Protesters as the “Challengers of the Status Quo” in Embedded Democracies: The Cases of Iceland, the United Kingdom, and the United States
This chapter analyses the nature of protests in Iceland, the United Kingdom and the United States in America from 2008 to 2016. We focus on the nature of these protests, forms of collective actions, main drivers of the protests and the resulting political changes. It allows us to determine that protests played the role of the challengers of the status quo — protested against the current political state in their countries and tried to develop alternatives by revoking practices of direct democ- racy, creating public spaces for discussions and promote their ideas among the broad public.
Purpose – The purpose of this paper is to introduce findings of comparative analysis and various models based on cultural heritage resources to foster regional development.
Design/methodology/approach – Comparison of operational schemes, market positions and branding of three successful cultural heritage centers in Germany, Great Britain and Russia demonstrates a variety of regional development models based on cultural resources and tourism development, and reveals their advantages and disadvantages.
Findings – The paper evidences the potential of cultural resources and the tourism sector as drivers for regional development, and helps formulate basic recommendations for the Russian situation requiring elaboration of adequate financial and social instruments.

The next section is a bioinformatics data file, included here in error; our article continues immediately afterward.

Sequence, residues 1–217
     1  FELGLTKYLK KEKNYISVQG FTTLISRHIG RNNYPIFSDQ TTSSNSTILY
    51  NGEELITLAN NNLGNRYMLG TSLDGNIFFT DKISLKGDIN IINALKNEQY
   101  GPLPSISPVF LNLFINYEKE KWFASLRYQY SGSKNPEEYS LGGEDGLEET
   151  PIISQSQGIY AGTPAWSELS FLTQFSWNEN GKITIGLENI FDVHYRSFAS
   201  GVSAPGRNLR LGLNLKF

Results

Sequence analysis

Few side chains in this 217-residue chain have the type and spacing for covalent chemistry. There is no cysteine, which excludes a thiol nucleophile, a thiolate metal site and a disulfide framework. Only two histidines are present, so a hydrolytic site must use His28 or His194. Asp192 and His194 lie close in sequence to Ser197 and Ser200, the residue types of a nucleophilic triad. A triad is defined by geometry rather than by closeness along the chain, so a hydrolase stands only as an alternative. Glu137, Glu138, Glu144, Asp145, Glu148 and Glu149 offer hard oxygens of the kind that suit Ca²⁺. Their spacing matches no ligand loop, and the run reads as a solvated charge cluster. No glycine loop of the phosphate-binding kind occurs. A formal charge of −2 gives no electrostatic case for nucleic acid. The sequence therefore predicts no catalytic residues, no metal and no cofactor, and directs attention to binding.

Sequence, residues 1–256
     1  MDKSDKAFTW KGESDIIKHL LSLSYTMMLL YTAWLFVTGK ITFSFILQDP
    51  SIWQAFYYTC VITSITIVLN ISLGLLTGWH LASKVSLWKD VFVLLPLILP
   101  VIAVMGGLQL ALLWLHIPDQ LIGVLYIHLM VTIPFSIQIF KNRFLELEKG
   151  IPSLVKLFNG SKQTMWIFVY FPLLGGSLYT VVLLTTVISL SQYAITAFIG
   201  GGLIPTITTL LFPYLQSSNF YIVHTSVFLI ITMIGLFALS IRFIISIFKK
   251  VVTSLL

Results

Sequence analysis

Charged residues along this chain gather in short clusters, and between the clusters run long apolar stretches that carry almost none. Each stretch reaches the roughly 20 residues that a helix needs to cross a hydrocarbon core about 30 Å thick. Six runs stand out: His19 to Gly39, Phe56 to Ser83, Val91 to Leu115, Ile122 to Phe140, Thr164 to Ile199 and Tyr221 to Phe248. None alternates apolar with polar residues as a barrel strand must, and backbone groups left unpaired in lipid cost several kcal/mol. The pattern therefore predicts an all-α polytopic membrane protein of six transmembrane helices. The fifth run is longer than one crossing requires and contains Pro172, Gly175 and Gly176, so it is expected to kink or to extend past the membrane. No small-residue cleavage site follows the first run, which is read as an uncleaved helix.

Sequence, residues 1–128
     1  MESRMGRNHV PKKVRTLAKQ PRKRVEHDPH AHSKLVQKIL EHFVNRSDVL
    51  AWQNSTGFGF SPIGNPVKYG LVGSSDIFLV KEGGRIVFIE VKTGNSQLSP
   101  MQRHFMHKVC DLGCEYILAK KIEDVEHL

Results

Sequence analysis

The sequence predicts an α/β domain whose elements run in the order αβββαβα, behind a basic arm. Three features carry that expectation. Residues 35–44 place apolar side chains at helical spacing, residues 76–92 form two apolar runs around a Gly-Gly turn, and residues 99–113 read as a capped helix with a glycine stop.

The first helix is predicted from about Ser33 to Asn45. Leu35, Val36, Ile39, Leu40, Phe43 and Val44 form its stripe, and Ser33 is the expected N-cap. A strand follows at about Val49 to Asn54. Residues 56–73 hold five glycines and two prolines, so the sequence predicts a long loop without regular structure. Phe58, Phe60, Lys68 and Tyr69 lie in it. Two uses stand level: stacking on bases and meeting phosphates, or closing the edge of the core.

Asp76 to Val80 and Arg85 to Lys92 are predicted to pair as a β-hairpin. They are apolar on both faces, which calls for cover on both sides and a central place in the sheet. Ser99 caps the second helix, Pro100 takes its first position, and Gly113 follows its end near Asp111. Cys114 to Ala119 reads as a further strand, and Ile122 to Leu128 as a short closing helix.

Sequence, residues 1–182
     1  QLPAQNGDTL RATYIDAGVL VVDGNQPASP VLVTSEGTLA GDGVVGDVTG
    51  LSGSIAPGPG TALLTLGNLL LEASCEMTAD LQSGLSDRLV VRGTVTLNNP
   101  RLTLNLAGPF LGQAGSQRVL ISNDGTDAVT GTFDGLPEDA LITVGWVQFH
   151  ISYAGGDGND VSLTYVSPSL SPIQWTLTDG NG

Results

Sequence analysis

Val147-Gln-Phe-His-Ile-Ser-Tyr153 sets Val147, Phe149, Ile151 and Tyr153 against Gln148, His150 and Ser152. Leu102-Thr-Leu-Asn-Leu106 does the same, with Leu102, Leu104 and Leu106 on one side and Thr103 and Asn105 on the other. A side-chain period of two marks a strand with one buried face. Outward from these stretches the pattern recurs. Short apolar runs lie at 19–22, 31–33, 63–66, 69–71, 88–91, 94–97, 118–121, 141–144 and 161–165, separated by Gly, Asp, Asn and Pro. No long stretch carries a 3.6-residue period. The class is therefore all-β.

Originality/value – The paper provides a complex analysis of different operational models in three European countries with regard to specific national situations and specificity of heritage operational management.
Mass political protests in recent years, since the events of the "Arab Spring" 2010-2011 years, when citizens' political actions covered the Middle East and North Africa, and ending with the latest developments in Ukraine are an important factor of political changes. At the same time, once it has arisen, protests continue and preserve its influence on political developments in the US and Europe, Russia, Ukraine, Brazil, Turkey, Egypt, Thailand and many other countries from all continents of the world. This allows some researchers speak of the emergence of a new phenomenon - the phenomenon of protest groups of individuals or communities protest (protest publics). The last are not only factors, but also the actors of political changes in modern polities that requires clarification of existing methodological approaches and research tools of political change, as well as the roles of the different driving forces (actors and factors) in the process.